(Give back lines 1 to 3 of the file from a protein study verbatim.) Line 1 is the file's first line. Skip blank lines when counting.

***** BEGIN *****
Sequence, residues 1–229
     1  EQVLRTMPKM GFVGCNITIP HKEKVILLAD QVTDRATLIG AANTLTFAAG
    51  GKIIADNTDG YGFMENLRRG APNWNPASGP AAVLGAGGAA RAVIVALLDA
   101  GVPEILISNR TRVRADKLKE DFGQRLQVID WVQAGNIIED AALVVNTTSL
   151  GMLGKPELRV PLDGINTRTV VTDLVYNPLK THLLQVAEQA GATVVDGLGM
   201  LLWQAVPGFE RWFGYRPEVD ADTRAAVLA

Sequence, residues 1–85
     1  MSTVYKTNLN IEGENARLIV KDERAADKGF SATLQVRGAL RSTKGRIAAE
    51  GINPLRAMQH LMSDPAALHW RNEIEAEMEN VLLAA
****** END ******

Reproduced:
Sequence, residues 1–229
     1  EQVLRTMPKM GFVGCNITIP HKEKVILLAD QVTDRATLIG AANTLTFAAG
    51  GKIIADNTDG YGFMENLRRG APNWNPASGP AAVLGAGGAA RAVIVALLDA